Over the past couple of semesters, I've experimented with different approaches to teaching students RSS. First semester we used flock. Second semester I had them use google reader. My concern is that students aren't checking their readers regularly. This is most important in terms of the class blog, because that is the space with the greatest number of updates and the material pertains to class, assignments, etc. For reading the blogs of their peers, it's okay to sit down when they're ready to comment, login to google reader, and start flipping through posts (although my problem with this is that it isn't the best way to really learn RSS and see the ways in which it can help manage all the web-based content out there).

So recently I've decided to take a bit more seriously the claim about email being for old people. Last week I was teaching a group of students between ninth and tenth grade as part of a program called Summerbridge (Philadelphia). We had a sesssion where we met with some admissions counselors, one of whom started talking to the kids about how they tend to communicate. I was actually surprised that all nineteen of the students present have a myspace/facebook account (they seemed so very young to me). Anyhow, the conversation led me to think about ways to integrate RSS with myspace/facebook as part of my upcoming hybrid classes -- with the thought that since these are the spaces that students visit each day, then these are the spaces in which to incorporate any class announcements or updates. The question left ahead of me: How?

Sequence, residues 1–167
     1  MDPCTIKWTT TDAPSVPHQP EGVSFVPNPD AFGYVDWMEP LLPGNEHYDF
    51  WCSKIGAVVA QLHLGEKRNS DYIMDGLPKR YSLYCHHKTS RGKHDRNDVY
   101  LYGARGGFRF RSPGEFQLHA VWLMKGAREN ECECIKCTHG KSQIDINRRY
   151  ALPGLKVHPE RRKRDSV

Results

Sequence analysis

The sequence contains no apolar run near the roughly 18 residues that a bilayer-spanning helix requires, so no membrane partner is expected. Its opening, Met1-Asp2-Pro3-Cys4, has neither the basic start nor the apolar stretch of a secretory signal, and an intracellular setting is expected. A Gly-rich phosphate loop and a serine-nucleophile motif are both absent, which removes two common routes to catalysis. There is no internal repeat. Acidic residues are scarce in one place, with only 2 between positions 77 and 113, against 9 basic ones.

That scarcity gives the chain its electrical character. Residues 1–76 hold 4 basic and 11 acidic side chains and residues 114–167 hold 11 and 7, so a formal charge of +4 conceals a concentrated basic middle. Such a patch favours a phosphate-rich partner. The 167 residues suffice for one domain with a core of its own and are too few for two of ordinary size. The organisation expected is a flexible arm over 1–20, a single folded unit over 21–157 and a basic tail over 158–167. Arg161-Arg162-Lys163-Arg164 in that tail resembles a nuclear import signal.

For myspace I chose the SpringWidgets RSS reader (widget). And for facebook I finally found the application, myRSS, for feed subscriptions. I think these will work well for staying abrest of the class blog updates (for those who have myspace/facebook accounts). The questions I'm left with: Are these widgets/applications the best way to utilize RSS? Probably not. Are they appropriate for keeping the subscriptions to all of their classmates' blogs? Probably not. What about students who don't have a myspace or facebook?

Ultimately, I think I will have them use google reader as a supplement to these additions on their social networking site of choice. I don't want any of this to seem too cumbersome, because I really want students to see the ways in which RSS can help make their learning, researching, etc. processes more effective and efficient (and more interesting and diverse to some extent). For now I'll continue to play around with various ideas, and on the first day of class, I'll really need to get a sense of how many students have these accounts (and utilize them regularly) that will certainly affect and direct my thinking and practice in terms of RSS (and other digital practices) for this Fall semester.

Friday, July 13, 2007

summer movie watching

Yesterday, I stayed in bed, drinking tea and watching Zizek. I called it work.

Last week we saw Once. I was truly taken with this movie. I think I've thought about it every day since I've seen it. The film is so completely driven by music that D and I could sing the songs upon exiting the theater (which we did). I believe that I keep thinking about it because of how much was kept from the viewer, how much was held back. But Daynah Burnett's review for PopMatters explains it better than I can: